European Electronic Communications Package moves closer to UK transposition

The UK government is preparing to transpose Directive 2002/21/EC on a common regulatory framework for electronic communications networks and services (the Framework) into UK law. The Framework is a new regulatory package that will affect how service providers supply email, telecommunications and internet access services, but it seems to have received very little attention.

The Framework consists of five related Directives:

  • the “Framework” Directive (2002/21/EC);
  • the “Access” Directive (2002/19/EC);
  • the “Authorisation” Directive (2002/20/EC);
  • the “Universal Service” Directive (2002/22/EC); and
  • the “E-Privacy” Directive (2002/58/EC).

Several provisions from the Framework are worth noting briefly. (Further detail can be found in a recent discussion paper of the Department for Business Innovation & Skills, entitled Implementing the Revised EU Electronic Communications Framework.)

Security and integrity of computer networks

First, the Access Directive includes a number of provisions which impose new obligations on service providers to meet security and availability standards, and to notify certain network breaches to competent authorities. Article 13a provides as follows:

Article 13a Security and integrity

  1. Member States shall ensure that undertakings providing public communications networks or publicly available electronic communications services take appropriate technical and organisational measures to appropriately manage the risks posed to security of networks and services. Having regard to the state of the art, these measures shall ensure a level of security appropriate to the risk presented. In particular, measures shall be taken to prevent and minimise the impact of security incidents on users and interconnected networks.
  2. Member States shall ensure that undertakings providing public communications networks take all appropriate steps to guarantee the integrity of their networks, and thus ensure the continuity of supply of services provided over those networks.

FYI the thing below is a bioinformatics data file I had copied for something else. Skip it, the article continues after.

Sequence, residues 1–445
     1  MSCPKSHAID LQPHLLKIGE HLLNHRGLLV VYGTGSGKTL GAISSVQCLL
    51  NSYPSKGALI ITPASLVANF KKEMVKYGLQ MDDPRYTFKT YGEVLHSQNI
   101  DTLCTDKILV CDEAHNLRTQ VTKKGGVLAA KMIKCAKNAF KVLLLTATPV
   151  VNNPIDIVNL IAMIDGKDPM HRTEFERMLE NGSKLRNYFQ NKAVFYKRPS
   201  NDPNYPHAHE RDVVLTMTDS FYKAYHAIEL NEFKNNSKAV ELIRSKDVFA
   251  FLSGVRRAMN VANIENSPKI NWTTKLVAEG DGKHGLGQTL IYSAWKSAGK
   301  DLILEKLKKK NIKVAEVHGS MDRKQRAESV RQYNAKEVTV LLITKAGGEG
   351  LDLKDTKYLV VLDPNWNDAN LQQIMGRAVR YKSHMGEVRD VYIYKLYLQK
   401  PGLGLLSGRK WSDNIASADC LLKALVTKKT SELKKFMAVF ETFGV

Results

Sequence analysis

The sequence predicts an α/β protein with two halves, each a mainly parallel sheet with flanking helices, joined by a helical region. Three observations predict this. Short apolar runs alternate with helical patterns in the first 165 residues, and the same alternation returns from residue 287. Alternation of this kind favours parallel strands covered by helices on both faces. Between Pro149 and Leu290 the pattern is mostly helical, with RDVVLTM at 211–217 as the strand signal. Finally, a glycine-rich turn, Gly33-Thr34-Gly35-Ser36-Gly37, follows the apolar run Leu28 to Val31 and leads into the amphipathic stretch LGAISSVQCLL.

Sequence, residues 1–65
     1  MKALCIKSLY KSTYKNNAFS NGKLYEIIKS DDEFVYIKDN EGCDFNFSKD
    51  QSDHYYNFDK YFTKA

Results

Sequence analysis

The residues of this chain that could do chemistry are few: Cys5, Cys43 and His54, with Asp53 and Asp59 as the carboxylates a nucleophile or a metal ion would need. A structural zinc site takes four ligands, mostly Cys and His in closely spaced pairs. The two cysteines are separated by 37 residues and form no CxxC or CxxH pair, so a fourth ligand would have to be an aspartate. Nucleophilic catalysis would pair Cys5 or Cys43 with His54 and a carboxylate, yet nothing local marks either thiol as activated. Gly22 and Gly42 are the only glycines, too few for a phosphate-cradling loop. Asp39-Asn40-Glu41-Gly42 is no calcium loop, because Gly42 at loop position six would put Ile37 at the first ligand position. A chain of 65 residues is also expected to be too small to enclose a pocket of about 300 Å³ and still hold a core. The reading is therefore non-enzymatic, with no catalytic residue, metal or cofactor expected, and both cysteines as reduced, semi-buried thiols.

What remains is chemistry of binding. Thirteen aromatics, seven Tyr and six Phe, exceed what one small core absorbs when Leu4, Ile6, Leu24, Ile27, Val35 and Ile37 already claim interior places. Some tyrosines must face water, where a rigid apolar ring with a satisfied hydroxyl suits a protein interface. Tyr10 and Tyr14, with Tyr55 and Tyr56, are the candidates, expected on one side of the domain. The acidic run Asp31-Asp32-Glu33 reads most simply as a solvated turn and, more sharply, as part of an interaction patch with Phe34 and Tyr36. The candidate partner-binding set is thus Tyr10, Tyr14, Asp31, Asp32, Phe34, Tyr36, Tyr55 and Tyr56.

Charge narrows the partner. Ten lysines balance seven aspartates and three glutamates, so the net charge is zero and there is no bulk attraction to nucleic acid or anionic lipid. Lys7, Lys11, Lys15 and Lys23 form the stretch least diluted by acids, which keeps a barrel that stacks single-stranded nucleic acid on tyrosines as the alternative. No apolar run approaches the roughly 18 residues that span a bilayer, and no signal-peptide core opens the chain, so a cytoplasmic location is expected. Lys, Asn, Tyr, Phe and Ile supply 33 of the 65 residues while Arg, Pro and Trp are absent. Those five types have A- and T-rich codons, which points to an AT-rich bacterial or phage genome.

3. Member States shall ensure that undertakings providing public communications networks or publicly available electronic communications services notify the competent national regulatory authority of a breach of security or loss of integrity that has had a significant impact on the operation of networks or services.

These requirements have the potential to be significant new anti-cybercrime measures. On their face, they require various network intermediaries (from backbone operators to hosts and ISPs) to adopt new security measures, meet uptime/continuity guarantees and publicly notify security breaches. Importantly, however, they apply only to ‘publicly available electronic communications services’, rather than private networks. Of course, the distinction between ‘public’ and ‘private’ networks is likely to prove the subject of argument.

Cookies and privacy

The E-Privacy Directive contains a number of measures designed to increase user privacy on the internet. Unfortunately, they are expressed in rather vague language, which the UK government proposes simply to transpose without clarification. For example, article 5 of the Directive deals with client-side data storage (usually in the form of cookies):

5.3    Member States shall ensure that the storing of information or the gaining of access to information stored in the terminal equipment of a subscriber or user is only allowed on condition that the subscriber or user concerned has given his or her consent, having been provided with clear and comprehensive information in accordance with Directive 95/46/EC, inter alia about the
purposes of the processing. This shall not prevent any technical storage or access for the sole purpose of
carrying out the transmission of a communication over an electronic communications network, or as strictly necessary in order for the provider of an information society service explicitly requested by the subscriber or user to provide the

Although this provision is primarily concerned with cookies, it is drafted broadly. It could potentially include other forms of client-side information storage, like temporary files, spyware or viruses. The biggest problem with this provision is its uncertainty: just what is a ‘strictly necessary’ form of storage or access remains undefined, and is likely to change frequently. Is the use of third-party tracking cookies by website advertisers to measure campaign performance and identify audience composition a ‘necessary’ use? It’s certainly a universal one — and a practice that would be made difficult, if not impossible, were the Directive to be applied literally.

The Register has a good article criticising the proposed approach to the new cookie rules here.

The government has until 25 May 2011 to implement the Framework’s components.